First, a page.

7. Ask how long they take on average to respond to questions via email. Also ask how easy they are to get hold of during the day by phone or email. Getting them to commit to a timeframe early on helps to ensure they prioritise your communications moving forward.
  8. Ask if items can be delivered to the venue and stored securely for free a few days prior to the wedding if necessary, and then collected a day or two after the wedding if required, for free.
  9. Ask about access times on the wedding day – the earlier you and your suppliers can access the venue on the wedding day the better.
  10. Also find out about post-wedding access times – you and your suppliers may need to pick up various items after the wedding.
  11. Can you access the venue the night before to start setting up? It’s helpful if you can!
  12. Real candles, tealights and naked flames, are they permitted? Are there any limitations?
  13. Loud fireworks, are they permitted?
  14. Is confetti permitted onsite?
  15. Are there any limitations on moving furniture around if you see fit?
  16. Ask to inspect the bathrooms.
  17. Do they have a cloakroom your guests can use? Inspect it if they do.
  18. Do they have a secure private dressing room you can use for changing, or for some quiet reflection on the wedding day or for storing wedding gifts?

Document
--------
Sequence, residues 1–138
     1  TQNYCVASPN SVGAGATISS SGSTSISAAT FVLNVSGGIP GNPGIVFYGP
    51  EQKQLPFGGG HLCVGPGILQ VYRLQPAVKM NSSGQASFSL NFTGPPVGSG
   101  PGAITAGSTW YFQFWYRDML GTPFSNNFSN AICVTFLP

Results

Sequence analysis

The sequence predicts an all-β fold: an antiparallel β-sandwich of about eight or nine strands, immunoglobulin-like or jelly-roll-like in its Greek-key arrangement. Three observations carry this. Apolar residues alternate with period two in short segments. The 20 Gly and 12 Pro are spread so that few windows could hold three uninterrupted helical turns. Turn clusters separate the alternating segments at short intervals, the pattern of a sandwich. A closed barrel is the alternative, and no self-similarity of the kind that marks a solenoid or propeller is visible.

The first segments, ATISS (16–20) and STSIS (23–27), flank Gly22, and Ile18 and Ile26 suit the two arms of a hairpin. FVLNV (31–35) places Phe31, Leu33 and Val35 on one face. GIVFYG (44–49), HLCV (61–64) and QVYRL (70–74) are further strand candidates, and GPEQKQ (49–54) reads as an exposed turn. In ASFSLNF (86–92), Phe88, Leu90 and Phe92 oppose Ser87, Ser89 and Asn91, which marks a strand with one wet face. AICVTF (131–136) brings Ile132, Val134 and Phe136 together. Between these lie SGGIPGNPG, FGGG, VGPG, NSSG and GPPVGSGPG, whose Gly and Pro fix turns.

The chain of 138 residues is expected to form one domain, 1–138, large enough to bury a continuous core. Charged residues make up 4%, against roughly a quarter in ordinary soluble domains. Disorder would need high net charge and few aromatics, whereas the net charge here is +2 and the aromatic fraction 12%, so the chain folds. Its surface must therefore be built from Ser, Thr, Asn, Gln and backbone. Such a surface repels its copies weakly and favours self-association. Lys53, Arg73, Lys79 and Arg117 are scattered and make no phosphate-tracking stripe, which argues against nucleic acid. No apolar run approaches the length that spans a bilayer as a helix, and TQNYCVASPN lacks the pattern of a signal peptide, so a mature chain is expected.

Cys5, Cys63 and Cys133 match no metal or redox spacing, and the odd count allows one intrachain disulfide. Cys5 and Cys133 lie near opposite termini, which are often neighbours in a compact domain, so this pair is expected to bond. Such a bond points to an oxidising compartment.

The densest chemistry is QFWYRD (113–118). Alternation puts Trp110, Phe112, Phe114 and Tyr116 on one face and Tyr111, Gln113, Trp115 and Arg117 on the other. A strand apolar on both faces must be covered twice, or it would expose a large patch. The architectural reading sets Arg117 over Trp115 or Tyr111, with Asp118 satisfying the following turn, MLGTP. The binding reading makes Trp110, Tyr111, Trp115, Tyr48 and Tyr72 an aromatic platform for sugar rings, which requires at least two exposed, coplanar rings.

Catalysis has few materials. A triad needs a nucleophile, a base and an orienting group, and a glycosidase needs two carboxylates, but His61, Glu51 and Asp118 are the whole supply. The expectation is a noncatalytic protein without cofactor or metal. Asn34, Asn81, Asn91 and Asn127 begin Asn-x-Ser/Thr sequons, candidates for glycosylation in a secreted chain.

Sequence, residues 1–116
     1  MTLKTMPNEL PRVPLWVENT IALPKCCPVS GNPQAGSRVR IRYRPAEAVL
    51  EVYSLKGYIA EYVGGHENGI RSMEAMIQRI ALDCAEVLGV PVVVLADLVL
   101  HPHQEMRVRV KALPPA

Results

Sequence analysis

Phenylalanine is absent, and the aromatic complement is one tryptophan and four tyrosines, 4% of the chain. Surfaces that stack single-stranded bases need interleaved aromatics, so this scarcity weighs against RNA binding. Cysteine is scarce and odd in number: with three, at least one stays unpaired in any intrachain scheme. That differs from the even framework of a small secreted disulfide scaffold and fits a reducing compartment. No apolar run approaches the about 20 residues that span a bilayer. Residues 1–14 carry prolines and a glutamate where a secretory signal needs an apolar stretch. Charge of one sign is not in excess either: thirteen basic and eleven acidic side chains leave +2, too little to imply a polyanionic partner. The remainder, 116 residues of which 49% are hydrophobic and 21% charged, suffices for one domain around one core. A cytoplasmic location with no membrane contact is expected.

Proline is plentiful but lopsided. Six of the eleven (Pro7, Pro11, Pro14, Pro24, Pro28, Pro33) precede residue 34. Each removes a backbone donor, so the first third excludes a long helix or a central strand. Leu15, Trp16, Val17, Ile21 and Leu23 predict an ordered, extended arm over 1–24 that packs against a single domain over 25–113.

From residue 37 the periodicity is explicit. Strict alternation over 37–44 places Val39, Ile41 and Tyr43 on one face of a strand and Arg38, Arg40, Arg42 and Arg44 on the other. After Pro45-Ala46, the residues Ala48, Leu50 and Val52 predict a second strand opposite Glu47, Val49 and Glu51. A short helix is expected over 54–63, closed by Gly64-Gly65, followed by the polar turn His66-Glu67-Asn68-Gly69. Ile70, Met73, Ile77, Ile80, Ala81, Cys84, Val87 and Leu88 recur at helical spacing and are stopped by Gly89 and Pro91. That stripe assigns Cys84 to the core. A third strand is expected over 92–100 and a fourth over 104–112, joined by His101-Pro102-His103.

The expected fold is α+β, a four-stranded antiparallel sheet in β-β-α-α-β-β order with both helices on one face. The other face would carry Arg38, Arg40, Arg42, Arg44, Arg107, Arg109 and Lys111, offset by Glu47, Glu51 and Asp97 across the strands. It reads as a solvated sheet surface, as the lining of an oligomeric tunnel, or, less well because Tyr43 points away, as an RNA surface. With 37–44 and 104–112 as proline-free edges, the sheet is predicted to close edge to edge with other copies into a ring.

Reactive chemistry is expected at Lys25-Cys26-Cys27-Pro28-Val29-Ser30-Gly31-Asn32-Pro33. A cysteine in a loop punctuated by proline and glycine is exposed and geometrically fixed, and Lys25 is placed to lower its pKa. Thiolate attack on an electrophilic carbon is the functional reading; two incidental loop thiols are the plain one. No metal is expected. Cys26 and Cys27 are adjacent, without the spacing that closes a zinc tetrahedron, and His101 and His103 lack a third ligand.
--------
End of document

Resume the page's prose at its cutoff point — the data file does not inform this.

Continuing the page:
19. Check to see who is responsible for cleaning up at the end of the night. If additional fees are applicable, how much are they?
  20. Can the venue be used for a rehearsal a week or so prior to the wedding, at no extra charge?
  21. Ask to see the standard chairs and tables, cutlery, crockery and linen. Ask if any upgrades are available and get prices.
  22. Do you or your suppliers need a certain level of public liability insurance in order to hire the venue? Unfortunately some venues cut their overheads by passing on the cost of event insurance to those hiring the property rather than pay for it themselves.

TOP TIP: Take plenty of photos/film clips of the venue interior and exterior for reference.

  1. Once you have covered all these points you should ask the venue coordinator to put together a tailored quote based on your projected requirements. The quote will account for your chosen number of guests, catering and venue hire, as well as any other fees that might be applicable to your circumstances.
  2. Ask about their deposit and payment terms. And if it helps, also ask if you can set up an interest free monthly instalment plan.